How To Pay Off Credit Card Debt
The tricky thing about credit card debt is that it just keeps adding up. Since credit cards are essentially open-ended loans, it gets increasingly difficult to keep track of how much you actually owe, how much interest you’ll be paying each month, and what the minimum fee will be. And let’s face it: the recent economic recession hasn’t made things any easier. Even though you’re still responsible for what you spend, it’s pretty hard to get ahead when it seems like nothing is working in your favor.
You may not realize that millions of Americans feel the same exact way. Millions of Americans struggle with their finances, and that’s exactly why there are so many companies that can address financial issues -- specifically personal debt.
But there are quite a few things you can do on your own, too. Paying off your debts is a little bit like trying to lose weight. You have to work hard in the beginning, and you have to make a lot of sacrifices. But when you finally start seeing results, it’s the best feeling in the world. It’s a small reassurance that you are responsible, and that you can handle your own money.
First, you need to come up with a budget plan. You’ll need to figure out what your spending habits are, and where you can afford to make some sacrifices. It may be a little painful, but you have to look at the whole picture -- your total income, your essential expenses, and all of your bills.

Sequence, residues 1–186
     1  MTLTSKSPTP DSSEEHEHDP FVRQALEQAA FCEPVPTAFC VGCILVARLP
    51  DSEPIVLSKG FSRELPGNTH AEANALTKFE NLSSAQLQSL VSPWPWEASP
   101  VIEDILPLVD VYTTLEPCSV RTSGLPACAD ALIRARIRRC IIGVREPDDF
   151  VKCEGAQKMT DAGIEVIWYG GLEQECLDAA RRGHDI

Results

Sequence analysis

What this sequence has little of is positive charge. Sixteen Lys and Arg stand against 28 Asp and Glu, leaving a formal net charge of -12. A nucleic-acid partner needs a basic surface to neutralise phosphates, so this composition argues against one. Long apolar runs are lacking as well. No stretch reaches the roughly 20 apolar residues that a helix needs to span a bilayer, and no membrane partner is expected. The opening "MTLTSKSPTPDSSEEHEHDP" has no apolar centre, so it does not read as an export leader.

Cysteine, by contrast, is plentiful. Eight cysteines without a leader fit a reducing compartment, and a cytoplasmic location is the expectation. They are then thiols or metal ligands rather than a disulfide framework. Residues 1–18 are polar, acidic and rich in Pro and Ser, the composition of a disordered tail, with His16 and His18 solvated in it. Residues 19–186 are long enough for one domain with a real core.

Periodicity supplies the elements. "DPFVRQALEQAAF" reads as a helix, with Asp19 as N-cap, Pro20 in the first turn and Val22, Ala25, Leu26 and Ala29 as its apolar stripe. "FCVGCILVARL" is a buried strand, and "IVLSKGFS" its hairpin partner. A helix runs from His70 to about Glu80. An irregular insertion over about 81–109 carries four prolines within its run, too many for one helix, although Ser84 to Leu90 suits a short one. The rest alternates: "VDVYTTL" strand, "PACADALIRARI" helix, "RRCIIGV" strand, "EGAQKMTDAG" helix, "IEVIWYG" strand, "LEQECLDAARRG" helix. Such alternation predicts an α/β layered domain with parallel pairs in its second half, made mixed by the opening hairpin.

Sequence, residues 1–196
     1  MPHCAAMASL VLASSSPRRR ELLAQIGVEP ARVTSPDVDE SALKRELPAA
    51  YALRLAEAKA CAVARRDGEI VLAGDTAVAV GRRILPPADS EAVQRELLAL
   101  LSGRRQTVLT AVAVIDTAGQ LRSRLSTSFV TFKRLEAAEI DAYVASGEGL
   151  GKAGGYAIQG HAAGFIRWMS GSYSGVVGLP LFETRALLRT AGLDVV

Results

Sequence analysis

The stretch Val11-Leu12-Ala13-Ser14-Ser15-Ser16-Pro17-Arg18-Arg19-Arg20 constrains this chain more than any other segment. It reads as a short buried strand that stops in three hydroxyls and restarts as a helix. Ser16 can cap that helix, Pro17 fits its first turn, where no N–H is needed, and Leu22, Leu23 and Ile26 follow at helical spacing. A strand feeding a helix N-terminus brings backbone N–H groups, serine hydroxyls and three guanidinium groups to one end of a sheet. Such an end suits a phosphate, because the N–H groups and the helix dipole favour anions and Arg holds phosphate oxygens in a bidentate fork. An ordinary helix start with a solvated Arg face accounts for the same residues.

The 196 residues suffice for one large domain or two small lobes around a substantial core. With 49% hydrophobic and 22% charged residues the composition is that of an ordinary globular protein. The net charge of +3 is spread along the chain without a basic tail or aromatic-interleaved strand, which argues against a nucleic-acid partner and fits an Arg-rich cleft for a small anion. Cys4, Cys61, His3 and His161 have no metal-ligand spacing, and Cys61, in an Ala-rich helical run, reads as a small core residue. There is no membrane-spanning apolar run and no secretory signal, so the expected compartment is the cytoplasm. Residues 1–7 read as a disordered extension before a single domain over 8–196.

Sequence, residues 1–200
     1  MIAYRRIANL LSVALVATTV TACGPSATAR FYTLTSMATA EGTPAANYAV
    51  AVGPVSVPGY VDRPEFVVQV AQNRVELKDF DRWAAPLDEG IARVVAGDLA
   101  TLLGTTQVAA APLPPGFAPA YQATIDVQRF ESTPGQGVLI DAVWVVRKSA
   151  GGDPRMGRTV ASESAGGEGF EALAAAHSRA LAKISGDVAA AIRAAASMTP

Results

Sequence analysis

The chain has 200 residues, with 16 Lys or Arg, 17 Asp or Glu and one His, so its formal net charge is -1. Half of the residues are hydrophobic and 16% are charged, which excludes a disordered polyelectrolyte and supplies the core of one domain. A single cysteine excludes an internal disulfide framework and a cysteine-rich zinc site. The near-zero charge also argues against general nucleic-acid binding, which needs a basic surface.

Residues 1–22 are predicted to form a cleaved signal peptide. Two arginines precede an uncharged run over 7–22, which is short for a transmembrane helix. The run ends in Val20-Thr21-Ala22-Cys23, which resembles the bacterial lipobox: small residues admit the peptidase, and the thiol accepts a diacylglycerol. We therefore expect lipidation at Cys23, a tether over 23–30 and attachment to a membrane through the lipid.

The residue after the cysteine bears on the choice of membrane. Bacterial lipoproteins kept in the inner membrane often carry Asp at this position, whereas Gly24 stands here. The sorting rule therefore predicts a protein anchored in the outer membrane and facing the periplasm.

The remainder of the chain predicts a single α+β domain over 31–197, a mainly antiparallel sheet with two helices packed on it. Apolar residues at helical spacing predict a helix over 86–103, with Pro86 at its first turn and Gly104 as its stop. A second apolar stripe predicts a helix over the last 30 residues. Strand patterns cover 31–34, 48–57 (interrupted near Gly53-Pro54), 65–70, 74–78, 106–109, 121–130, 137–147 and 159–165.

If you find out that you can probably cover everything (with just a little more self-restraint), then your next step will be to prioritize your debts. Experts often advise debtors to try paying off cards with high interest rates and cards with low balances first -- that way, there will be fewer lines of credit to manage.
You can also try talking to your creditors, and explaining your situation. Believe it or not, lenders don’t want to go to court just as much as you don’t want to go. Sometimes showing your creditors that you’re actively working to manage your debt (something like showing proof of seeing a financial adviser may help convince them that you’re doing this) will convince them to work with you to create a new payment plan with a lower interest rate or a longer payment period.
If you really don’t think that you can cover everything, or even if you’re just feeling a little too stressed, you can always seek professional help from a financial adviser. These advisers will be able to talk and negotiate with creditors, and they’ll be able to take away some of the stress. Of course, bankruptcy is always an option -- but it’s something you should only consider as a last resort. When you find a good financial adviser, he or she will be able to assess your situation and help you figure out which strategy is best for you. If bankruptcy appears to be the only choice left, then this person will be able to help you through the process.
Paying off credit card debt is easily one of the most stressful things in life (probably because it seems like it never ends). But you should always know that there’s a solution available, and that there are plenty of resources to get you through it.